His inflammatory language

The Washington Post suggests that Trump influences people:

Two kindergartners in Utah told a Latino boy that President Trump would send him back to Mexico, and teenagers in Maine sneered “Ban Muslims” at a classmate wearing a hijab. In Tennessee, a group of middle-schoolers linked arms, imitating the president’s proposed border wall as they refused to let nonwhite students pass. In Ohio, another group of middle-schoolers surrounded a mixed-race sixth-grader and, as she confided to her mother, told the girl: “This is Trump country.”

Since Trump’s rise to the nation’s highest office, his inflammatory language — often condemned as racist and xenophobic — has seeped into schools across America. Many bullies now target other children differently than they used to, with kids as young as 6 mimicking the president’s insults and the cruel way he delivers them.

It would be very strange if it were otherwise, since children don’t live in a bubble sealed off from media and other people. Of course some children imitate Trump.

“It’s gotten way worse since Trump got elected,” said Ashanty Bonilla, 17, a Mexican American high school junior in Idaho who faced so much ridicule from classmates last year that she transferred. “They hear it. They think it’s okay. The president says it. . . . Why can’t they?”

This is why I hate his Twitter performance so much, and why I pay so much attention to it. It’s not inert. It’s poisoning everything, probably for years or decades into the future.

Asked about Trump’s effect on student behavior, White House press secretary Stephanie Grisham noted that first lady Melania Trump — whose “Be Best” campaign denounces online harassment — had encouraged kids worldwide to treat one another with respect.

Also, there are reindeer in Lapland. Grisham’s reply is contemptuous in its irrelevance. Kids worldwide don’t pay any attention to Melania Trump, and Melania Trump’s malevolent husband vomits his hatreds on Twitter many times every day. Melania Trump’s saying something bland about respect doesn’t make so much as a dent in Trump’s avalanche of bile.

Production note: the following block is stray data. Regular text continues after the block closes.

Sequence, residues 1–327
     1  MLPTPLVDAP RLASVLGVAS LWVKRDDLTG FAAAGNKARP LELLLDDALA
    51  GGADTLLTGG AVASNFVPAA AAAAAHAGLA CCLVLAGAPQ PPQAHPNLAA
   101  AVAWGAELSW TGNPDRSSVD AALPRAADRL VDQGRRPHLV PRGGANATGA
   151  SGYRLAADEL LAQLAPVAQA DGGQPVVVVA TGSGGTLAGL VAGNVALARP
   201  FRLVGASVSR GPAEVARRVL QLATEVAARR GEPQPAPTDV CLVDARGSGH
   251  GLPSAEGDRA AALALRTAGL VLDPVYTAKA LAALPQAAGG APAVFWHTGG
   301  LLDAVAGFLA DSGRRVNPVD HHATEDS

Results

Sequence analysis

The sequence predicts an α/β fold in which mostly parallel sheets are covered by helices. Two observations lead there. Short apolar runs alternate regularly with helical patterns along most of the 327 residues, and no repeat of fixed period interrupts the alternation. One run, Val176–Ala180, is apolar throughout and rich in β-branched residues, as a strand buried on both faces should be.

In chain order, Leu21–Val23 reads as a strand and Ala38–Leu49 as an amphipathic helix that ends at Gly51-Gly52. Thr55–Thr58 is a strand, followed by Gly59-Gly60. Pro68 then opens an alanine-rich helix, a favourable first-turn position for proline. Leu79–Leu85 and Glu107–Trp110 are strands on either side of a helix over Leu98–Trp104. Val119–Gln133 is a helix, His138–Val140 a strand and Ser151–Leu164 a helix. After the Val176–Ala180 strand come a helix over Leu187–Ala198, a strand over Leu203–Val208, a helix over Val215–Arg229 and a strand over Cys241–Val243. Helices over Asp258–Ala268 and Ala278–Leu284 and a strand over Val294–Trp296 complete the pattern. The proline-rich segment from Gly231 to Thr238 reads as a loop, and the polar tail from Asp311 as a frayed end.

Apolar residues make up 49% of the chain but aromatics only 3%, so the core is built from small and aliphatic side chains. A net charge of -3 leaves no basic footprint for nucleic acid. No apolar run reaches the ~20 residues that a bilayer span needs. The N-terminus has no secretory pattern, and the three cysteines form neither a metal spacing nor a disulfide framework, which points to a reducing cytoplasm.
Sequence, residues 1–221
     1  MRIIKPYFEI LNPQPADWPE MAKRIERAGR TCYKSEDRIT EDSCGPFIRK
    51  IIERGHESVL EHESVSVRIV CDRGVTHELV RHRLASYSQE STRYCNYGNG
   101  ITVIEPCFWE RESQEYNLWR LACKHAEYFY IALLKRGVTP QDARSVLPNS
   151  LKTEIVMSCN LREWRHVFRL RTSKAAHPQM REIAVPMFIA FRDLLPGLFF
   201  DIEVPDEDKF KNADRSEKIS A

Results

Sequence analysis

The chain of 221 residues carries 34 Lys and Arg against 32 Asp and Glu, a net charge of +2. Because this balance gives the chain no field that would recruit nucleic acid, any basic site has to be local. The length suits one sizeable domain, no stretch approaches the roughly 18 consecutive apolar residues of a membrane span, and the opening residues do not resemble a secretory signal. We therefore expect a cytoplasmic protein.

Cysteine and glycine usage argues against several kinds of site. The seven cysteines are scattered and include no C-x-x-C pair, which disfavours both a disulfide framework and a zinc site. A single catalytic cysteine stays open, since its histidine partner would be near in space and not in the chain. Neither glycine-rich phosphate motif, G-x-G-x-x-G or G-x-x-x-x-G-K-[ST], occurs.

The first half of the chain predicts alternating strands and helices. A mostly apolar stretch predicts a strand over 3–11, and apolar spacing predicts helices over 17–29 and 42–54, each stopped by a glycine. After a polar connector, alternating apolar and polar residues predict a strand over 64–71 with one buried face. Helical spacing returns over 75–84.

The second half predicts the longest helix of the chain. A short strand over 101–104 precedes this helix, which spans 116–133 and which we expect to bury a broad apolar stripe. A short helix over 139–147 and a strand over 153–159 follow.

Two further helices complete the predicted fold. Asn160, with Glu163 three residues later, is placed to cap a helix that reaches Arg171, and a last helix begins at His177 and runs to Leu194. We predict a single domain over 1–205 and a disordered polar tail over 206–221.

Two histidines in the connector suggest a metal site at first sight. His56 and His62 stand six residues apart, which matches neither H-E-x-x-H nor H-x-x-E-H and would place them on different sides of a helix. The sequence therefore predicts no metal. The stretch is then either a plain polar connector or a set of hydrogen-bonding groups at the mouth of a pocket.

And it’s not just kids.

Three weeks into the 2018-19 school year, Miracle Slover’s English teacher, she alleges, ordered black and Hispanic students to sit in the back of the classroom at their Fort Worth high school.

At the time, Miracle was a junior. Georgia Clark, her teacher at Amon Carter-Riverside, often brought up Trump, Miracle said. He was a good person, she told the class, because he wanted to build a wall.

“Every day was something new with immigration,” said Miracle, now 18, who has a black mother and a mixed-race father. “That Trump needs to take [immigrants] away. They do drugs, they bring drugs over here. They cause violence.”

Make racism great again.

Some students tried to film Clark, and others complained to administrators, but none of it made a difference, Miracle said. Clark, an employee of the Fort Worth system since 1998, kept talking.

Still, Miracle said, school officials took no action until six weeks later, when Clark, 69, tweeted at Trump — in what she thought were private messages — requesting help deporting undocumented immigrants in Fort Worth schools. The posts went viral, drawing national condemnation. Clark was fired.

But most teachers don’t make that mistake, and they don’t get fired.

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